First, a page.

Is the Florida Blogger Bill Inspired by Authoritarian Hungarian Laws?

This week in Florida authoritarianism, a bill was introduced by State Sen. Jason Brodeur that would require bloggers to register with the state government when they are paid to write about the governor and other political figures. After registering, bloggers would be forced to file monthly reports listing every one of their posts, how much they were paid for them, and where the money came from. Those who fail to do so could be fined up to $2,500 for each missing report.

  • The bill defines a blog as “a website or webpage that hosts any blogger and is frequently updated with opinion, commentary, or business content.”
  • A blogger is defined as any person “that submits a blog post to a blog which is subsequently published.”

Prior to his election, this Orlando area state lawmaker was found to have paid a blogger associated with Infowars as well as the Proud Boys $37,000.

Others have also introduced separate legislation to make it easier to sue the news media for alleged defamation. Weeks earlier, Gov. Ron DeSantis lamented how hard it is to sue journalists in the United States.

That previous bill was introduced by Rep. Alex Andrade (R) in February, and both bills would pave the way for sweeping changes in journalism in Florida.

Free speech protections are granted to U.S. journalists by the Constitution, and cemented by the U.S. Supreme Court, allowing the usage of anonymous sources.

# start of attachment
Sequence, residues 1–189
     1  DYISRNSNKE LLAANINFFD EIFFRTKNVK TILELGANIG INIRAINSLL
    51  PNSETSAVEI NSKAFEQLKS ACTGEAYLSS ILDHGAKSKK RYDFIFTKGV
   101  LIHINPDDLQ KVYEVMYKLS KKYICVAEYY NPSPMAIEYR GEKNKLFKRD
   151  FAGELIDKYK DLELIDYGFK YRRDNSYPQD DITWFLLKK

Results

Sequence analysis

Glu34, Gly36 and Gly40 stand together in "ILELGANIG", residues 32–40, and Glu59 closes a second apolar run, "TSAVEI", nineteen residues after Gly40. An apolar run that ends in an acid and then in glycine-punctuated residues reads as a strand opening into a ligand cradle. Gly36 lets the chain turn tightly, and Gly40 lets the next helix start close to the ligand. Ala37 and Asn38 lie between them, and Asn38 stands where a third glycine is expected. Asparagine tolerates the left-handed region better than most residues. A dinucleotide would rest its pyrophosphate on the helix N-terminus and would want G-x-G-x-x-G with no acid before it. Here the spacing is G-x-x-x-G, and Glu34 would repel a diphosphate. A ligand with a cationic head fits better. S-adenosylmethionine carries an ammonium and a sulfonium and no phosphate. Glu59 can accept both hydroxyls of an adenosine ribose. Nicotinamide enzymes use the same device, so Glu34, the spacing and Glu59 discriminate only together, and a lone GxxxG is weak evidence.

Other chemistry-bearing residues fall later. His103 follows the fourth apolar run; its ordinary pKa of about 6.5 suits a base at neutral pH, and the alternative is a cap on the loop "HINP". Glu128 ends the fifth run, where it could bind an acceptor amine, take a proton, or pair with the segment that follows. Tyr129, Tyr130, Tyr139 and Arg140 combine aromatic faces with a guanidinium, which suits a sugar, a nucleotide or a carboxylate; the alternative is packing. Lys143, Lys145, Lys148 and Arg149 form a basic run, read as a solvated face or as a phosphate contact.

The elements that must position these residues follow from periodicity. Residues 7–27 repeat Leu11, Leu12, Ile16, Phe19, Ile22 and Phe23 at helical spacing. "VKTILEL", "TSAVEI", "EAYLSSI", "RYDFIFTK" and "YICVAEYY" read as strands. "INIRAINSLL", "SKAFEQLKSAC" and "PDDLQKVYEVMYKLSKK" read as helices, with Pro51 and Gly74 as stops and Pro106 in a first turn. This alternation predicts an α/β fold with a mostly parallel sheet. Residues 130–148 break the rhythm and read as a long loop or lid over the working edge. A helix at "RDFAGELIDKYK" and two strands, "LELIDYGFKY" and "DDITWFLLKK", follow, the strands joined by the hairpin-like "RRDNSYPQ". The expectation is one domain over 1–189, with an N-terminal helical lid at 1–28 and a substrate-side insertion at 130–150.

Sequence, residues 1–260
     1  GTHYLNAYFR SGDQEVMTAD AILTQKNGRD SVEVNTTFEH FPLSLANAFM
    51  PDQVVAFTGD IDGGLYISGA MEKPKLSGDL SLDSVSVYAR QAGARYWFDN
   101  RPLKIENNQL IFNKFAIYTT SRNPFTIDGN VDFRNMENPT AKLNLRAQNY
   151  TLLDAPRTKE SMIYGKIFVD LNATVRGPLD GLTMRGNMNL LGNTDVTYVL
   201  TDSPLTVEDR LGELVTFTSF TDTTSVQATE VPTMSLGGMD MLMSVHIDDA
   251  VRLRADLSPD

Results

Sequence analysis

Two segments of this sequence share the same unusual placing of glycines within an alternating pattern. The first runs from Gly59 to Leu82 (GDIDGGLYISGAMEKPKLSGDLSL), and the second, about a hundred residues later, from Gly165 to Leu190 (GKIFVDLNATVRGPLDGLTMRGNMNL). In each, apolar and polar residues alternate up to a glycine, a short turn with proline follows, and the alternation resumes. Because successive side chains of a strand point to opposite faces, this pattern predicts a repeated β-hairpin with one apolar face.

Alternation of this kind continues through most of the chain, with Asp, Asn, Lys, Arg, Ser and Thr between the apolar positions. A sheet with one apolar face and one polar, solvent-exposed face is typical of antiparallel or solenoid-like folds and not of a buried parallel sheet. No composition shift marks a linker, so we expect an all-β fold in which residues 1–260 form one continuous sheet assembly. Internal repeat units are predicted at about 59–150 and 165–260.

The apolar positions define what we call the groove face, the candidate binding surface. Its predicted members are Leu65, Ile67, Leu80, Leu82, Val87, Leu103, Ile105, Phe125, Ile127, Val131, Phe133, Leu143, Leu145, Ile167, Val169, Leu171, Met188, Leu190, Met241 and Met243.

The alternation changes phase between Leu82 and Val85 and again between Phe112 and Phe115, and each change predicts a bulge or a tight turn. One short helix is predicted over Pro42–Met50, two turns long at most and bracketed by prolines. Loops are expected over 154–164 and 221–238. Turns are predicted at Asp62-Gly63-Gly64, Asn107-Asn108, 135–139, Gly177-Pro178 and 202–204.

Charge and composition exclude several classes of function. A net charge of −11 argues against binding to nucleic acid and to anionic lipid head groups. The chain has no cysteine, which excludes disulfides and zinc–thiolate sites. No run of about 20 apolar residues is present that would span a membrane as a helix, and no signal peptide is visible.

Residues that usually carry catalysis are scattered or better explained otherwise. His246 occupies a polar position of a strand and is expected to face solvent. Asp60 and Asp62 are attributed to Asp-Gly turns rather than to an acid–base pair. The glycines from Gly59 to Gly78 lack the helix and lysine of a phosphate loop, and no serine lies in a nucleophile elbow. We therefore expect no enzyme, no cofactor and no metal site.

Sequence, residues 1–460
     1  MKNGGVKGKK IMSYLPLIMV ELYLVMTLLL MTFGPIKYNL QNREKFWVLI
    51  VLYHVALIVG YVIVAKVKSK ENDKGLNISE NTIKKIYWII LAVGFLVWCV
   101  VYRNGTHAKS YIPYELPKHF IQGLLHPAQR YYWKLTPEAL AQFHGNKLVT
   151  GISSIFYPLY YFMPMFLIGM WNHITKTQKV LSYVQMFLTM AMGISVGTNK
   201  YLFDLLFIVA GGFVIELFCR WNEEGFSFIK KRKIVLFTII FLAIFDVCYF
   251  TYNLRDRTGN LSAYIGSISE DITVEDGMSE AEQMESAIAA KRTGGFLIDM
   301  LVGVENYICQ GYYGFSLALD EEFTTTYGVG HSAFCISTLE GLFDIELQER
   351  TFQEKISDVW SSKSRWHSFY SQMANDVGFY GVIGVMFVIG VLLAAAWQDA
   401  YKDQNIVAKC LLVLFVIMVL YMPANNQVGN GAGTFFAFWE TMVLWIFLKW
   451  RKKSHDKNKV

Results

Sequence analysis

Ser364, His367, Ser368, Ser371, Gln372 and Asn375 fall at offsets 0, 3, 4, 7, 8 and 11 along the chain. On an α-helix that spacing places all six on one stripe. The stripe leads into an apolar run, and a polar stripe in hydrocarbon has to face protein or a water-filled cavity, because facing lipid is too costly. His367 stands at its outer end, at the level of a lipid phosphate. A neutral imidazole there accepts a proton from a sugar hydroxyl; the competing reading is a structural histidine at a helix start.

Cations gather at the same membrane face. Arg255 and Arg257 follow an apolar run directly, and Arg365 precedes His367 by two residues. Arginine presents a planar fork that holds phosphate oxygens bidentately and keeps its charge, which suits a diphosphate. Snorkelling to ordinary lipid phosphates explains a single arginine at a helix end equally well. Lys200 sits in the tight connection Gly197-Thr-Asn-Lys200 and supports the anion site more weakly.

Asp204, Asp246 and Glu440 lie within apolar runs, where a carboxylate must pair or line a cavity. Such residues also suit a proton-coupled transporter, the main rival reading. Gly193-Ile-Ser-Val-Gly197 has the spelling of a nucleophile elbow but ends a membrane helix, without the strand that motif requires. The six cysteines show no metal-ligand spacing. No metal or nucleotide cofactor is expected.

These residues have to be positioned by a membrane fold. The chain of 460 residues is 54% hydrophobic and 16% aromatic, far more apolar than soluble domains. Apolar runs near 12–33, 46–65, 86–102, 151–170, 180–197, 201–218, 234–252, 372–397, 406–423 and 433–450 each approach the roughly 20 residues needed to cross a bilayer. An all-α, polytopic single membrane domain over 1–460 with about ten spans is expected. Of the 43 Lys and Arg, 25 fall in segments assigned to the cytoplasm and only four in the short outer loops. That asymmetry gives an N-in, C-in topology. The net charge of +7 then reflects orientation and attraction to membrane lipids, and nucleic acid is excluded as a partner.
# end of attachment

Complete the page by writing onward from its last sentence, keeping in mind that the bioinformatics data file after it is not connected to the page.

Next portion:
The Florida bills would automatically declare the information provided by anonymous sources false, and journalists would have a harder time protecting sources’ identities.

The blogger registration bill sounds eerily similar to a bill passed at the start of Hungarian Prime Minister Viktor Orbán’s tenure in 2010, initially requiring news outlets to register before beginning to publish.

The Hungarian bill received pushback, and a year later was amended to allow bloggers 60 days to register.

Orbán’s authoritarian government may be a template for other Florida legislation, including the Don’t Say Gay law.

Rod Dreher, a right-wing figure who lives in Budapest, explained during an interview last year that a reporter told him they had “talked to the press secretary of Governor Ron DeSantis of Florida and she said, ‘Oh yeah, we were watching the Hungarians, so yay Hungary.’”

In 2018, Orbán also banned gender studies programs at universities. 

Read more at Mother Jones.

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